Vitamin B2: All You Need To Know

Vitamin B2 foods

Alternatively referred to as riboflavin, vitamin B2 is one of the known eight vitamin Bs.

Similar to other B vitamins, it serves many important functions, but its primary one is in generating energy in the body by converting carbohydrates into adenosine triphosphate (ATP). As the body requires it, ATP produces energy, which is then stored in the muscles.

So how do you get sufficient Vitamin B2 in your diet, what are is B2’s role in health, and what happens if you don’t have enough? Your Vitamin B2 questions answered here.

How Do I get Vitamin B2?

Since riboflavin is soluble in water, our bodies automatically release it on a daily basis. As such, the supply must be replenished daily through our diet. Examples of riboflavin-rich food sources include eggs, nuts, dairy products like milk, and meats.

For more vegetarian-friendly options, consider increasing your intake of broccoli, brewer’s yeast, Brussel sprouts, mushrooms, soybeans, and green leafy vegetables like spinach. In terms of grain, choose wheat germ, whole-grain, and enriched cereals and bread.

Selection of mushrooms

How Do I Benefit from Eating Vitamin B2-rich Foods?

In order for our bodies to grow and keep us healthy, it is necessary to consume sufficient vitamin B2. Riboflavin aids oxygen is being utilized by the body, as well as helps digest energy-producing nutrients such as carbohydrates, proteins, and fats. In addition, Riboflavin aids in developing the skin so that it functions normally. In turn, this contributes to the normal lining of the digestive tract, blood cells, and other vital parts of the body.

Riboflavin is also linked to eye health and can decrease the likelihood of developing cataracts since it protects a vital antioxidant in the eye known as glutathione. In fact, those prone to cataract sometimes consider taking supplements that contain both vitamin B2 and B3.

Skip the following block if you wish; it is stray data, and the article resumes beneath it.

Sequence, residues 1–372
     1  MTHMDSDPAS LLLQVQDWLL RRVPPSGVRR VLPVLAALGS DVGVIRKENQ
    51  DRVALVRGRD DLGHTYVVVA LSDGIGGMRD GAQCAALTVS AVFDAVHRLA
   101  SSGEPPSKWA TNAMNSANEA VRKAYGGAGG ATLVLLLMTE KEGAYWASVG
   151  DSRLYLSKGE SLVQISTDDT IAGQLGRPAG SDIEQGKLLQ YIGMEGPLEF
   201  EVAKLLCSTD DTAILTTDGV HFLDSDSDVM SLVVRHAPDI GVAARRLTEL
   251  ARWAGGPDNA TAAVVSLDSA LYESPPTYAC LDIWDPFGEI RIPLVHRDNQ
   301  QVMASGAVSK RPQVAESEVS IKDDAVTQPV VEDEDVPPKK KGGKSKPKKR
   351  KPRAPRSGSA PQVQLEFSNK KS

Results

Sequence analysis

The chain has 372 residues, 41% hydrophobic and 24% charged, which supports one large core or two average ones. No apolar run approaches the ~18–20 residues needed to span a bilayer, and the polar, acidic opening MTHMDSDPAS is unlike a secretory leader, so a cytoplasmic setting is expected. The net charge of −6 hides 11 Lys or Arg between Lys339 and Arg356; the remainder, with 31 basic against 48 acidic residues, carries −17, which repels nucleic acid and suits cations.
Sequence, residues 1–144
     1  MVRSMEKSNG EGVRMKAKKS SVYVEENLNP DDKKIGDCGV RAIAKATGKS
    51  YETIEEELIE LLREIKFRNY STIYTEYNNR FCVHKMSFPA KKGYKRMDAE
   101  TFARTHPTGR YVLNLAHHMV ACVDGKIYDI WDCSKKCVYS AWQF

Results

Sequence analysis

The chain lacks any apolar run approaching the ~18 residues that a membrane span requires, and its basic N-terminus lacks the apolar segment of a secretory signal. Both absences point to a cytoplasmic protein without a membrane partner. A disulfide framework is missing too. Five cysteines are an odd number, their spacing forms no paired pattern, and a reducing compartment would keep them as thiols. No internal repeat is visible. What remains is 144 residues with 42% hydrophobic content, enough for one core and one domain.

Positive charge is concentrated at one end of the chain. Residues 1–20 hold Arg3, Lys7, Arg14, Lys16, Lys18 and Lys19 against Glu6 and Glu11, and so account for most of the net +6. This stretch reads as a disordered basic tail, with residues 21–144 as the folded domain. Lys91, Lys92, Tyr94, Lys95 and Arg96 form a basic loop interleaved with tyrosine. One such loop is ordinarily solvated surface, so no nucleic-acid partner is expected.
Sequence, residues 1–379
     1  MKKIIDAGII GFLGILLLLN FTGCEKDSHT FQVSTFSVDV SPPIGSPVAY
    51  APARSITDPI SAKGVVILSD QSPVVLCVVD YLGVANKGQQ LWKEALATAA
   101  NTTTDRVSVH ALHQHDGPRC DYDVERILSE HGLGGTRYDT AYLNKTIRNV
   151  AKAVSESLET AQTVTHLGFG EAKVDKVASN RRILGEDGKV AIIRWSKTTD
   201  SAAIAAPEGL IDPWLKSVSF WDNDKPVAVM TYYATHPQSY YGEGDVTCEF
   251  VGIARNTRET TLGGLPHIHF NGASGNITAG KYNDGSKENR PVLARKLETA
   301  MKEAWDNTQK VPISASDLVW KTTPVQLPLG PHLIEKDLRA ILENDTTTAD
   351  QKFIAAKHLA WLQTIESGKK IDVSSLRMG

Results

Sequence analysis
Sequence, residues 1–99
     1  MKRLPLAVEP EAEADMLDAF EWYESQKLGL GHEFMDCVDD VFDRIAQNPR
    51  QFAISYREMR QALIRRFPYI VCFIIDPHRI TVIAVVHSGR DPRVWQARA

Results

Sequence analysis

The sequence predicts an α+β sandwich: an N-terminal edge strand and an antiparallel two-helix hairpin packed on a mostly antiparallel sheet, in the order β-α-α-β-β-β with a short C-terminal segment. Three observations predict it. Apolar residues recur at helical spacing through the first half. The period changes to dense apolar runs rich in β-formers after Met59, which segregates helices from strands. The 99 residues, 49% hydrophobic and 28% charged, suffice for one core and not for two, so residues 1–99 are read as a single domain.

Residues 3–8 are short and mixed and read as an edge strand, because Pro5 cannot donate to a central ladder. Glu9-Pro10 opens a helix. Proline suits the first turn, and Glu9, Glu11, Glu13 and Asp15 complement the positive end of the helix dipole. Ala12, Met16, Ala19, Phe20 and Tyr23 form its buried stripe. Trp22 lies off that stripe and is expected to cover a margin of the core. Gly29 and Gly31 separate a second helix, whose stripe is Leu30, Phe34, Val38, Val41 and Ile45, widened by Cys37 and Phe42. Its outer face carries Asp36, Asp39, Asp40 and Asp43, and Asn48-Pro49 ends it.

What’s more, Riboflavin is needed to process iron, vitamin B6, and vitamin B9 in order to use it, without which the body is more susceptible to succumb to conditions such as anemia. Homocysteine levels are consequently more likely to reach unhealthy levels.

Pregnant women should especially strive to keep a healthy intake of vitamin B2, according to the American Journal of Clinical Nutrition. Overall, the body relies on vitamin B2 to regulate the number of vitamins, chemicals, and minerals such as folic acid, vitamins B1 and B3 that circulate through the bloodstream. Additionally, hormone production by the adrenal glands requires Riboflavin.

Other benefits of the vitamin that it shares with vitamin A is its shared role in maintaining the overall health of various body parts such as liver, eyes, skin, as well as the mucous membranes in the digestive system. Last but not least, Riboflavin is theorized to be connected to cancer prevention although little research has been done; meaning that the findings are still inconclusive.

How Much Vitamin B2 Do I Need?

Like most nutrients, it varies based on age, gender, and reproductive status. The recommended daily allowance for Riboflavin is very similar to Vitamin B1 – 1.3 milligrams (mg) every day for men and 1.1 mg for women. If you’re looking to prevent cataract, add three mg of Riboflavin to your daily intake.

Those that need to treat migraines can get up to 400 mg pumped.

Women expecting children should increase their intake to 1.4 mg per day, and to 1.6 mg per day when breastfeeding. As a general gauge, consider adding a cup of diced kale into your meals as it has 0.1 mg of vitamin B2 or a hard-boiled egg which can be eaten on its own for breakfast as it has 0.3 mg of the vitamin. If you’re looking for a richer source to get your daily fill, you can opt for a cup of whole almonds which will give you 1.4 mg of the vitamin.